Thank you for your continued support of Tarek and his family. Today was, in many ways, easier than the day we received the verdict. We went in expecting the worst, expecting life without parole. Throughout this trial we saw firsthand the manipulation and lies the government is capable of. We were outraged by the utter unfairness of his conviction. It seemed only fitting that his sentencing would play out in the same manner.
We are relieved to announce that Tarek received a shorter sentence than we expected: 210 months (17.5 years) instead of life without parole. But even still, this is not acceptable. Tarek does not deserve to be in prison for even one day. We will not just wait around idly for the years to pass for Tarek to be free; we will continue to fight, and we implore you to join us.
This isn’t over. But would it have been over if Tarek had received a “time served” sentence and walked out of that courtroom with us today? Even then, we would be compelled to keep fighting. This is bigger than Tarek and it’s bigger than his family; it affects all of you reading this. For there is still no justice for Aafia Siddiqqi and Ziyad Yaghi and Omar Khadr and the Newburgh Four and the Fort Dix Five, and I’m sorry to say the list goes on and will keep going on if we think the fighting here is done. And in case you think you are safe from such morbid overreaches of the government because you don’t have a Mohamed or an Ahmed in your family, I’d like to remind you of the Martin Niemoller poem that starts, “First they came for the communists, but I didn’t speak out because I wasn’t a communist,” and ends “and then they came for me, and there was no one left to speak out for me.”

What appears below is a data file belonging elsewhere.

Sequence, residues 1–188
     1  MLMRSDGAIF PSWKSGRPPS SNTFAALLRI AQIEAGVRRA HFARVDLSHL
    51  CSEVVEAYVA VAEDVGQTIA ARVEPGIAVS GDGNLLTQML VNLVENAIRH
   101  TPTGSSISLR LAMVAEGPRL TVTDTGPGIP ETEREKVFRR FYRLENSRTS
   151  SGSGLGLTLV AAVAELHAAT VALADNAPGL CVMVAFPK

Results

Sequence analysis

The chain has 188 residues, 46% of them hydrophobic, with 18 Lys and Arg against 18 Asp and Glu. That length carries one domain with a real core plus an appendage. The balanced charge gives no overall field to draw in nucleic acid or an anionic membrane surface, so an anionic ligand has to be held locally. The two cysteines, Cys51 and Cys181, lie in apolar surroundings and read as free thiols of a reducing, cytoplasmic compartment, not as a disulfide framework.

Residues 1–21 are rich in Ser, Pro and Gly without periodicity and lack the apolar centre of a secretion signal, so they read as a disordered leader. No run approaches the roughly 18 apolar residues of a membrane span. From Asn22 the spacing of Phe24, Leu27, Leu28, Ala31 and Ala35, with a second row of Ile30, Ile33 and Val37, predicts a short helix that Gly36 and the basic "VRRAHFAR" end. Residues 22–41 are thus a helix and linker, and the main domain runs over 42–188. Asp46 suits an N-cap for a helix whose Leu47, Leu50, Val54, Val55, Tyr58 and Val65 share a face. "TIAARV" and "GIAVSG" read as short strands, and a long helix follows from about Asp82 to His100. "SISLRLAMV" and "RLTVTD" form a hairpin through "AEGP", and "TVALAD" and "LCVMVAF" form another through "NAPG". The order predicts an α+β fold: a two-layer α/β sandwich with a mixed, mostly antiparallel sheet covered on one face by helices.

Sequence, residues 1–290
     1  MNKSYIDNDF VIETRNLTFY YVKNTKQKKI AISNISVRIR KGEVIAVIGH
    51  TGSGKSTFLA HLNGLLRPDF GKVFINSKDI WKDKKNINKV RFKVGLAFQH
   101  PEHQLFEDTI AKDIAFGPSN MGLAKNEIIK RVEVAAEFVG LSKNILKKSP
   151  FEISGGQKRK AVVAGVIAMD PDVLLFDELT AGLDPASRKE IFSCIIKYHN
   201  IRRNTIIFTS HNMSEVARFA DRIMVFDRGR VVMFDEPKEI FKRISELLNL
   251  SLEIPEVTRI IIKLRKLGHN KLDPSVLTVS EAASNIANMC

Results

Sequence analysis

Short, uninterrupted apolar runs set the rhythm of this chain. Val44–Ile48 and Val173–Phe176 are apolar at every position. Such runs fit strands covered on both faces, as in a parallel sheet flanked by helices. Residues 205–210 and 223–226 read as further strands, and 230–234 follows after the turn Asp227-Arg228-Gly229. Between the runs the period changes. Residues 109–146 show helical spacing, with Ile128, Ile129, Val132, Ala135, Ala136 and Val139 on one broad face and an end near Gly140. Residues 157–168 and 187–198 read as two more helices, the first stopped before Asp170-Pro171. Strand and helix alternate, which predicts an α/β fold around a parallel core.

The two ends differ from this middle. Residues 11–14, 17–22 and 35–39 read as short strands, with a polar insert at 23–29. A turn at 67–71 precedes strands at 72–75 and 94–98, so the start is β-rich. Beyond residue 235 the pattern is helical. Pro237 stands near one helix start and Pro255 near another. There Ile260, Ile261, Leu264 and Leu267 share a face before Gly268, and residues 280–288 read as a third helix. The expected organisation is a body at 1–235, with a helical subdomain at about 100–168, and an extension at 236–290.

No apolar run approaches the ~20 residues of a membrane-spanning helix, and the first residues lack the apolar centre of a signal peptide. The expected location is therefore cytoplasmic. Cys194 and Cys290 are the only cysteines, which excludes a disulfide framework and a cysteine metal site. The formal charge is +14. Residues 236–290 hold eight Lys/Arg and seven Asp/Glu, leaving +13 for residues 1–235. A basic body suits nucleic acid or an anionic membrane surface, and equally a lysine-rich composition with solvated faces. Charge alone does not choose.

Tarek knows this is bigger than him. As we heard in his speech before the judge, “One of the first concepts I learned in Islam is that of loyalty, of brotherhood – that each Muslim woman is my sister, each man is my brother, and together, we are one large body who must protect each other. In other words, I couldn’t see these things beings done to my brothers & sisters – including by America – and remain neutral. My sympathy for the oppressed continued, but was now more personal, as was my respect for those defending them.”
That’s why he didn’t cooperate with the FBI, even though it meant facing criminal charges. That’s why he refused plea deal after plea deal, which would have brought his prison time down to below 10 years. That’s why he insisted on going to trial, even though he faced being convicted. And that’s why he stood tall and spoke his mind unflinchingly today, even though he risked getting a far longer sentence for not expressing remorse. Tarek expressed to the judge that he will always stand on the side of justice for the oppressed:
“Everything I learned [as a young adult] confirmed what I was beginning to learn when I was six: that throughout history, there has been a constant struggle between the oppressed and their oppressors. With each struggle I learned about, I found myself consistently siding with the oppressed, and consistently respecting those who stepped up to defend them – regardless of nationality, regardless of religion.”
Tarek showed the world today that he values this stance of solidarity more than a few years of his own freedom. Tarek stands not only for himself, but also for his brothers and sisters everywhere who are fighting oppression that is too heavy to bear alone. Tarek, we stand with you, helping to bear that oppression as well. When we share our struggle, we are never alone.